Case Report | Open Access
William Derval Aiken, Joshua J. Anzinger, "Chikungunya Virus Infection and Acute Elevation of Serum Prostate-Specific Antigen", Case Reports in Urology, vol. 2015, Article ID 120535, 3 pages, 2015. https://doi.org/10.1155/2015/120535
Chikungunya Virus Infection and Acute Elevation of Serum Prostate-Specific Antigen
A man with prostate cancer on a regime of active surveillance had a laboratory-confirmed acute Chikungunya virus infection. The patient experienced a sudden increase in serum Prostate-Specific Antigen (PSA) during the acute illness that caused him anxiety and confounded interpretation of the PSA test. Six weeks after the onset of Chikungunya Fever symptoms, the elevated serum PSA returned to baseline. The association of Chikungunya Fever and elevated serum PSA may result in misinterpretation of the PSA test, triggering unnecessary prostate biopsy or other management errors.
The Caribbean recently experienced an epidemic of Chikungunya Fever, a mosquito-borne infection caused by the Chikungunya virus that is  commonly associated with abrupt onset of fever, asthenia, headache, and debilitating joint pain [2, 3] after a 2–10 day incubation period. Approximately 50% of infected persons also experience a generalized pruritic rash . Acute symptoms occur for 1–4 days and are associated with viremia that usually resolves 6 days after the onset of symptoms . Chronic joint pain lasting greater than a month is commonly observed in most [6–9] but not all  populations studied. In one study, most chronic infections were found to occur in persons ≥30 years of age . Chronic joint pain can persist after the acute viral infection or can reoccur after the resolution of acute symptoms.
Chikungunya virus continues to disseminate beyond the Caribbean to other regions within the Americas , dramatically extending affected areas beyond the Eastern Hemisphere. Most countries in the world have now reported Chikungunya virus infections (http://www.cdc.gov/chikungunya/geo/index.html), and genetic mutation [11–15] and climate change  could further increase geographical dissemination of the virus to unaffected regions.
During the recent Chikungunya Fever epidemic in the Caribbean, a patient residing in Kingston, Jamaica, was being monitored for prostate adenocarcinoma. He presented with clinical symptoms of Chikungunya Fever and a concomitant, dramatic elevation of serum Prostate-Specific Antigen (PSA), a commonly used biomarker to screen patients for prostate cancer. Here, we report on a possible association between acute Chikungunya virus infection and elevation of serum PSA.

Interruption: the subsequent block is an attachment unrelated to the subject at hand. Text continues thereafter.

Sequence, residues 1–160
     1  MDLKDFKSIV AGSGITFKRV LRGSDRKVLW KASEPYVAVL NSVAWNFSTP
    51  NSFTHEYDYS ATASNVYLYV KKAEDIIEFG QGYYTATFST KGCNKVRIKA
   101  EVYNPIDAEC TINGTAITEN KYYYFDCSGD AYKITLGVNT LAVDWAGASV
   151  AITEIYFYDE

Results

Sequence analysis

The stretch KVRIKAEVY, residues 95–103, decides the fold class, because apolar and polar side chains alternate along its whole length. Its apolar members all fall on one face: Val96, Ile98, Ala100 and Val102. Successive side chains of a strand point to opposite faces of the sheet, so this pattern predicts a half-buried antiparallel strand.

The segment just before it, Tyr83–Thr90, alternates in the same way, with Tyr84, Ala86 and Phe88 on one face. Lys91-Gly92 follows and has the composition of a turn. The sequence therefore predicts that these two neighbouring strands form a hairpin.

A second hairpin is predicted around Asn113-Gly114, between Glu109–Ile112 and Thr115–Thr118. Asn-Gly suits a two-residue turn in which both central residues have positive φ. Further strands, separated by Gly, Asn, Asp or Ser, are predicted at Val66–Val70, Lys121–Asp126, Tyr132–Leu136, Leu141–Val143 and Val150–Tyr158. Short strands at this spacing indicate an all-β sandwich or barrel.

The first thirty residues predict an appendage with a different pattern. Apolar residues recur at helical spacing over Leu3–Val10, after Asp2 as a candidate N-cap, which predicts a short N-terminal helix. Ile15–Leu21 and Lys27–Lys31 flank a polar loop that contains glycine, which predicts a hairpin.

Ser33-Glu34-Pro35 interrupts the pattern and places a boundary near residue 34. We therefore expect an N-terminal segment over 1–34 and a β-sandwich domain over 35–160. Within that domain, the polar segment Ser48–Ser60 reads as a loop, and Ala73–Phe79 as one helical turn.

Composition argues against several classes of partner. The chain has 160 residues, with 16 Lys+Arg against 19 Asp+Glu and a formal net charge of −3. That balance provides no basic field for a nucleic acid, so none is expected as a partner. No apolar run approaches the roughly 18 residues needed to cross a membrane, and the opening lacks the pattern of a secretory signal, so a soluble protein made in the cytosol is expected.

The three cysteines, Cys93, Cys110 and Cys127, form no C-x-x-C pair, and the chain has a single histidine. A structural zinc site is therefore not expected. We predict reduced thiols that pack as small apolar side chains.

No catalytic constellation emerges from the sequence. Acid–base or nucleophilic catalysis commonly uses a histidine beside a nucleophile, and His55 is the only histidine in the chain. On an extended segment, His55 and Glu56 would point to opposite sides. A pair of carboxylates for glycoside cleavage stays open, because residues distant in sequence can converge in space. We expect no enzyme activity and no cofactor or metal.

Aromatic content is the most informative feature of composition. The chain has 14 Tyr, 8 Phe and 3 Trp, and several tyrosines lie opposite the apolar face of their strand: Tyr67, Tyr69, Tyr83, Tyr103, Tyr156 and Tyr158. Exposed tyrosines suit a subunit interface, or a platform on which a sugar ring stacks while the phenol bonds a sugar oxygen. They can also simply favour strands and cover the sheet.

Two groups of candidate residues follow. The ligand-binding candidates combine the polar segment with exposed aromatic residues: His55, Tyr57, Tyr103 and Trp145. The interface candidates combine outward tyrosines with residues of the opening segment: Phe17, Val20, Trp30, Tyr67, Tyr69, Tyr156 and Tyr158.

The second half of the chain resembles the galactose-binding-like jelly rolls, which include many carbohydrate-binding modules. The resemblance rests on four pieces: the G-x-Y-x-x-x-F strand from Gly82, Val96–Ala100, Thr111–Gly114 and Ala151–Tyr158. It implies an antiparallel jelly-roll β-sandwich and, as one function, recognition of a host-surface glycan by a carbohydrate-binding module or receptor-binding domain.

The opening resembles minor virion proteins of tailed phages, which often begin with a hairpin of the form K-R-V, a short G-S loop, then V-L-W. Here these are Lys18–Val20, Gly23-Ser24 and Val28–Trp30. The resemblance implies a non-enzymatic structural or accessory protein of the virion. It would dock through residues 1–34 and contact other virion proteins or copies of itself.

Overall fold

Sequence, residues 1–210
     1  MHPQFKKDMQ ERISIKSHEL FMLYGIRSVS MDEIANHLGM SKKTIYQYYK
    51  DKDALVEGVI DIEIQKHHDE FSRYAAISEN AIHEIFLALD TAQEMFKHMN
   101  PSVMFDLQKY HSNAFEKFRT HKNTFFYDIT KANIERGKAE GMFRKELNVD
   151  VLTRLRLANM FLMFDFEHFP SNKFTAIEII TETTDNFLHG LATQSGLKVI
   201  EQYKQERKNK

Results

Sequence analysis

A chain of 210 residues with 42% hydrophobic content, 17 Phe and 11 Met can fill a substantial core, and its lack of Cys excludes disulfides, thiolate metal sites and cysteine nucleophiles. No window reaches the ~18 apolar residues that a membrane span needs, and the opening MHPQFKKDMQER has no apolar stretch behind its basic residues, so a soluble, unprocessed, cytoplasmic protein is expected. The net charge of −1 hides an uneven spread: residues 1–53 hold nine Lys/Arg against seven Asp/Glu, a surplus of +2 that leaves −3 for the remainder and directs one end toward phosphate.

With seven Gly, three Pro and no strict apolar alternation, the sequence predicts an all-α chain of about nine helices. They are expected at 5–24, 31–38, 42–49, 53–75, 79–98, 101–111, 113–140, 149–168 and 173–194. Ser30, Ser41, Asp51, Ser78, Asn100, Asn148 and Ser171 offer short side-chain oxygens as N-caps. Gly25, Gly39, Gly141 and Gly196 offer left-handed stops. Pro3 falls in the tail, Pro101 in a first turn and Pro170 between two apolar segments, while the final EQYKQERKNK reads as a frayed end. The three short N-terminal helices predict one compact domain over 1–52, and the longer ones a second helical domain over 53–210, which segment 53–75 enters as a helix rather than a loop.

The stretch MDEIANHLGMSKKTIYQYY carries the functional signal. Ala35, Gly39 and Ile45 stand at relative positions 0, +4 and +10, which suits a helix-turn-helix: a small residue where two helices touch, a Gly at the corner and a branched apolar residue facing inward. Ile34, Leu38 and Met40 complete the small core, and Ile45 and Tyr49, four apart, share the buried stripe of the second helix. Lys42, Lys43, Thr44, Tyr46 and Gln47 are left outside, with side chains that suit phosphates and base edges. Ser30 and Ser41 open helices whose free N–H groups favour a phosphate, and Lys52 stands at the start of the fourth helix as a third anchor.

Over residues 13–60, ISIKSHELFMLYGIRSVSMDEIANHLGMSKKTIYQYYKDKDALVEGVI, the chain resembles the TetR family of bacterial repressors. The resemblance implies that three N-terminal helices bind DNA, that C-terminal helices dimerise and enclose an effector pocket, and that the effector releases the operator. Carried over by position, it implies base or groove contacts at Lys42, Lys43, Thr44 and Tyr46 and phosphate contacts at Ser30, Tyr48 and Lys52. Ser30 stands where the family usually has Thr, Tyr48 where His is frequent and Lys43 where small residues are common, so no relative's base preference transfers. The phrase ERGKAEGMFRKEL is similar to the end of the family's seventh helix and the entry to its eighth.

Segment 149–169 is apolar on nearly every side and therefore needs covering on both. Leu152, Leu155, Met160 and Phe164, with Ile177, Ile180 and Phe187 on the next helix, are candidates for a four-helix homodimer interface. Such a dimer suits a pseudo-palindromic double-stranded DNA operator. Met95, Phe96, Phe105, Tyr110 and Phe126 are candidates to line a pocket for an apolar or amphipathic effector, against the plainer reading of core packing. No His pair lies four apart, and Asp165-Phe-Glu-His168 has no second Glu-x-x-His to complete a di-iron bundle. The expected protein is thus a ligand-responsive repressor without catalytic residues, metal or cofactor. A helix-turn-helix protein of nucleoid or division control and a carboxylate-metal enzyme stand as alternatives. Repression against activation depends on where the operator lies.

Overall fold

2. Case Presentation
A 64-year-old Afro-Caribbean man diagnosed with Gleason 6 (3 + 3) adenocarcinoma of the prostate involving 5% of 1 of 12 cores arising from the left lobe of the prostate and with a prebiopsy PSA level of 8.59 ng/mL (June 13, 2014) and cT1c (clinically benign) prostate on digital rectal examination (DRE) went on a regime of active surveillance after diagnosis on July 14, 2014. The patient was advised to return 3 months later for a follow-up appointment (see Figure 1 for timeline of events).
2.1. Three Months Later
On October 4, 2014, the patient’s PSA level was 11.3 ng/mL. Four days later (October 8, 2014), he developed acute symptoms of fever, rash on the trunk and proximal limbs, headaches, and then severe joint pain. After notification of the PSA test results, the patient was alarmed by the rise in PSA compared to the level at the time of diagnosis of prostate adenocarcinoma and requested that the PSA test be repeated by another laboratory, which reported a PSA level of 27.2 ng/mL on October 13, 2014.
When seen, he denied having any lower urinary tract symptoms (LUTS) apart from increased urinary frequency which he attributed to increased fluid intake. DRE was unchanged and the prostate was nontender. Given the sudden rise in the PSA, he was diagnosed as having subclinical prostatitis possibly related to Chikungunya infection. The patient was advised to test for Chikungunya and Dengue virus infection and repeat PSA testing in 4 weeks.
2.2. Four Weeks Later
The patient was seen 5 weeks later on November 26, 2014, and he complained of ongoing joint pain and swelling of the hands and ankles which was so severe; it necessitated a steroid injection 2 days earlier. He had no LUTS and repeat PSA was 7.64 ng/mL on November 20, 2014. Recent Chikungunya virus infection was confirmed from a serum sample taken on December 1, 2014, by the presence of Chikungunya virus-specific IgM. Dengue virus-specific IgM was not present, indicating that recent infection with Dengue virus was unlikely.
This is the first report of a possible association between Chikungunya virus infection and a sudden rise in PSA that could be due to subclinical prostatitis. Although the pathogenic mechanism responsible for the increase in PSA during Chikungunya virus infection is unknown, microbes implicated in prostatitis are believed to cause an increase in serum PSA through one of three mechanisms that are not mutually exclusive. These include leakage of PSA into the bloodstream, increased blood flow through the prostate, and increased vascular permeability .
If an association between acute Chikungunya virus infection and sudden elevations of the PSA is present, it would be important for clinicians to be aware of it, as it may confound the interpretation of PSA, causing unnecessary patient anxiety, and lead to unnecessary and invasive tests, or worse a change in patient management.
Conflict of Interests
The authors declare that there is no conflict of interests regarding the publication of this paper.
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Copyright © 2015 William Derval Aiken and Joshua J. Anzinger. This is an open access article distributed under the Creative Commons Attribution License, which permits unrestricted use, distribution, and reproduction in any medium, provided the original work is properly cited.